Porous cross-linked materials formed by oligomeric aluminium hydroxides and α-tin phosphate
The intercalation of the tridecameric polyhydroxyaluminium Keggin-type cation, formally [AlO4Al12(OH)24(OH2)12]7+, into α-Sn(HPO4)2·H2O via the colloidal tetramethylammonium-exchanged intermediate α-Sn[NMe4]0.9–1.0H1.1–1.0(PO4)2·4H2O and the alumina-pillared materials obtained after calcination are described. Two different intercalated precursor materials are obtained, depending on whether the Keggin ion inserted derives from the commercial product (‘Chlorhydrol’) or from the polyhydroxyaluminium cation generated in situ. Calcination leads to materials differing in free heights and in alumina contents. Their surface areas (B.E.T., N2, 77 K) are quite high: 190 m2 g–1[chlor-SnP (400 °C)] and 228 m2 g–1[Al13-SnP (400 °C)]. Pore-size calculations show them to be mainly mesoporous, but with some micropore contribution (> 50% of pores in width range 15–40 Å). The higher microporosity of the former with respect to the latter is ascribed to lateral-order differences between the alumina pillars.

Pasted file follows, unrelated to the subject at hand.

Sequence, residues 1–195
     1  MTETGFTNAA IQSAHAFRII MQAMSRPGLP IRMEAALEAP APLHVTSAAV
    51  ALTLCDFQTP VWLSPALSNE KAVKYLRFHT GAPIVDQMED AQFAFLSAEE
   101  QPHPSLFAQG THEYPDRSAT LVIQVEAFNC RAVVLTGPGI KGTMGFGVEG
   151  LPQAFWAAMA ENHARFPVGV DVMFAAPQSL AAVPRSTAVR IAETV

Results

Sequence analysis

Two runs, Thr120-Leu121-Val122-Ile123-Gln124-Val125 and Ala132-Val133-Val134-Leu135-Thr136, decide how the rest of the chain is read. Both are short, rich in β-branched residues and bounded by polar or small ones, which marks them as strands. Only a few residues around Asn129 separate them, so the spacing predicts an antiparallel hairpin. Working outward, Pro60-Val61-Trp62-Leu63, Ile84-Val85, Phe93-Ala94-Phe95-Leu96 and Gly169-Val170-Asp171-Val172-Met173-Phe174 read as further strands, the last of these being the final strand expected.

High cation-exchange capacities (for Co2+, Ni2+ and Cu2+) confirm that both solids are porous and have more accessible interlayer sites than does the parent material. Optical spectra of the transition-metal ion-exchanged materials indicate that the sites available in the two solids differ, and that both differ from those present in the starting α-tin phosphate. Site geometries are suggested.